Labour must embrace localism

Central government is no longer trusted or effective. That creates huge opportunities for the Opposi

In politics, it seems we’re all localists now. But that has not stopped a growing backlash against the idea of decentralising power in England.

Last week a survey of civil servants found that nearly a third thought localism was flawed and only 10% were fully in favour. The Committee on Climate Change recently called for new national duties to be placed on councils to produce low carbon strategies. Even TV chef Jamie Oliver is getting in on the act, demanding national standards for school dinners in Michael Gove’s academies.

Should Labour join in? On the face of it, this sounds like good politics. There are real reasons to criticise the coalition – for instance, the clear evidence that council cuts have hit poorest areas worst and the limited amount of new power for local government. The obvious thing for an opposition party to do is to try and discredit localism as nothing more than cover for cuts.

Obvious, but wrong. Instead of trying to knock localism down, Labour should outflank the coalition by doing it better. The party cannot return to the high centralism of the Blair/Brown years, when it turned out the man in Whitehall really didn’t know best when it came to NHS IT, teenage pregnancy and public satisfaction with state services. If the past 15 years proved anything, it is that central control cannot deliver an end to inequality.

Labour needs a new philosophy of governing, and localism fits the bill. It can address a number of the problems that any government will face after the next election. The English are starting to demand a greater say in the way they are governed against the backdrop of the Scottish independence debate. Devolving more power to cities and shires is part of any credible response.

Localism can drive growth – mounting evidence shows that greater financial independence for cities can increase GDP. It can also help tackle austerity. Studies suggest that £20bn could be saved over 10 years by giving councils more power to reorganise something as simple as all the public sector property in an area. Moreover, at a time when politics is facing a generalised crisis of trust, over 60% of us say we trust our councils.

A progressive approach to localism needs to do three things: break down the power of Whitehall departments, encourage councils to cluster into bigger units and introducing compulsory voting.

A lack of joined up thinking in Whitehall creates artificial walls between business and transport, welfare and justice. We need to break down the barriers, and that means breaking the power of the great departments of state.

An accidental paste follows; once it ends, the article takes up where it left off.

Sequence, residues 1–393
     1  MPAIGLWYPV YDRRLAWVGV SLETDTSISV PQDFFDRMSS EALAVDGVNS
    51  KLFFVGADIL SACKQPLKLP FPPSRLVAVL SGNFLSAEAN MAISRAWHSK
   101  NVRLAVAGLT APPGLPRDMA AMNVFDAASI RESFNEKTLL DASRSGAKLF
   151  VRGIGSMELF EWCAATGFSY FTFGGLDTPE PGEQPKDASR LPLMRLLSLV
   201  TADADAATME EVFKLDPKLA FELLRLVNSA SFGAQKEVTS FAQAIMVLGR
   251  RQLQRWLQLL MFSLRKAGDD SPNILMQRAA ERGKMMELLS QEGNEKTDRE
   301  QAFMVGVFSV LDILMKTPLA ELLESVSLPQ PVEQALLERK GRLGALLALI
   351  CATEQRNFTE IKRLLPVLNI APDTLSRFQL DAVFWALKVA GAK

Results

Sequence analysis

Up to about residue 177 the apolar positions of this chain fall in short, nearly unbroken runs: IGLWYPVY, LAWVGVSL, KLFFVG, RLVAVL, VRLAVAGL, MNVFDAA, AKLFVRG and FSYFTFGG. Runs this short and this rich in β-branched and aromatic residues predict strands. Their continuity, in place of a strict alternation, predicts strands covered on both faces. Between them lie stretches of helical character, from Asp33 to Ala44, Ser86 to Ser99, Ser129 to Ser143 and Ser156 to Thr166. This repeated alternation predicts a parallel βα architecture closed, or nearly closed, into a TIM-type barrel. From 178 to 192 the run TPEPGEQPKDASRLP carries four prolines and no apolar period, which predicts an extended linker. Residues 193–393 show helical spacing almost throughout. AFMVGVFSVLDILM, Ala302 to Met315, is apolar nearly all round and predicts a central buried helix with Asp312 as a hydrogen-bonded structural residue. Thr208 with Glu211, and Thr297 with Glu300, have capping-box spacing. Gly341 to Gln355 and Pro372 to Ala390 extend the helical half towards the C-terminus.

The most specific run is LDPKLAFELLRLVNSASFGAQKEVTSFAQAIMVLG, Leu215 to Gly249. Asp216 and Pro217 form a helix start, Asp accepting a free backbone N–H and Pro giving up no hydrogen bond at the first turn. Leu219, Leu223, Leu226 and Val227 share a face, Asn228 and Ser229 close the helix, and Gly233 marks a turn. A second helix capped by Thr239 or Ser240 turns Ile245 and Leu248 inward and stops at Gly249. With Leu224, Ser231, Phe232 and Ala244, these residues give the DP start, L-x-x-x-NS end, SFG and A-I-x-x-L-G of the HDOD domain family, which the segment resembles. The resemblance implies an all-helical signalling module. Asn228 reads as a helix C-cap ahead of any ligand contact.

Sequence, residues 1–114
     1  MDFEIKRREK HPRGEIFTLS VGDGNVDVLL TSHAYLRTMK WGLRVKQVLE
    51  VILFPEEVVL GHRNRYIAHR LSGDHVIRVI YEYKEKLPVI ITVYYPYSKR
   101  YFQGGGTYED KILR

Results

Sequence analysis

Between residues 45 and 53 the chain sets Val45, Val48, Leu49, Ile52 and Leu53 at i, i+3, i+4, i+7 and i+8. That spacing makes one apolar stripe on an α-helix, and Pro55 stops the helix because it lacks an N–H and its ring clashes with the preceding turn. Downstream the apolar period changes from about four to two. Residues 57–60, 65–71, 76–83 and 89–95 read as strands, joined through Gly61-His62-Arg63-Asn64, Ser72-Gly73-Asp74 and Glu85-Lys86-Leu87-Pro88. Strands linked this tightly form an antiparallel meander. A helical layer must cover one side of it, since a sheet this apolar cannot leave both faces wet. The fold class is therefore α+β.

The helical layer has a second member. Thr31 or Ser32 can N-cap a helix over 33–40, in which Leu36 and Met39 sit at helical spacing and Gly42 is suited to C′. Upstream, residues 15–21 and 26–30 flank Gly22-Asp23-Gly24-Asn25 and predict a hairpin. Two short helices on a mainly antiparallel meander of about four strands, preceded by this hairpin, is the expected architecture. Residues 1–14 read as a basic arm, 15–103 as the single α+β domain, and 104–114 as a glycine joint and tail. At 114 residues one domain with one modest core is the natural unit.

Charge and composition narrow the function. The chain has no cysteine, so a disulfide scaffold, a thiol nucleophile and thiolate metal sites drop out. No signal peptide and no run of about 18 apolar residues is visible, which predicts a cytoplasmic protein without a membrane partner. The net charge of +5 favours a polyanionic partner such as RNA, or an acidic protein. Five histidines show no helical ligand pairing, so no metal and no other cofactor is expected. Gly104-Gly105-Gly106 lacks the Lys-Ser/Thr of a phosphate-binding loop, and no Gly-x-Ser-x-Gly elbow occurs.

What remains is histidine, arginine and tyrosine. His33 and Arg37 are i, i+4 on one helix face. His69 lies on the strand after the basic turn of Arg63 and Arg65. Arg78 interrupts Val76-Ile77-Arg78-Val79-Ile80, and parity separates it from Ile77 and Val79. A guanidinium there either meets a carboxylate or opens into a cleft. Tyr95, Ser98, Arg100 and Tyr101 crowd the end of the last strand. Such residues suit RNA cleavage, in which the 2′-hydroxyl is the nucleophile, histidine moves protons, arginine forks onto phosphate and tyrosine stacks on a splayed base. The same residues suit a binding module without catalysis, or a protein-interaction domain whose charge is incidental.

Labour should promise to introduce a devolution bill that would make Whitehall significantly smaller by handing control of large elements of services such as criminal justice, skills and business policy, and benefits administration to local authorities. The government should publish a whole-of-government strategy for the coming parliament, with a handful of big, clear goals for local authorities and other local services, policed through a new department of the prime minister and cabinet.

Councils need to change too. They are already taking a 28% cut in their central government grants and there is almost certainly more to come whoever wins the next election. If they are going to maintain their services and get to the right scale to drive growth, local authorities need to cluster together across cities and shires to share services and pool their investment power to drive growth.

Some councils already clubbing together into combined authorities – a bit like the Greater London Authority without the mayor’s powers – that currently cover Greater Manchester and may soon cover West Yorkshire as well.  Labour should encourage more of this with carrots and sticks: new powers for those who voluntarily cluster, the threat of a top down restructuring for those who drag their feet. This should be a precursor to the eventual election of Boris-style ‘metro-mayors’ for all the country’s major conurbations.

There exists an opportunity to create a new era of prosperous English city states that can channel the best of Chamberlain and Morrison, but to justify devolution we need to make sure that local politicians are accountable to their electorates for the exercise of their new powers. Low turnouts – the average is in the early 30s - have for too long been an excuse for centralism. But just because the public isn’t interested in voting, doesn’t mean voting isn’t in the public interest. That is why we should consider introducing compulsory voting for local elections.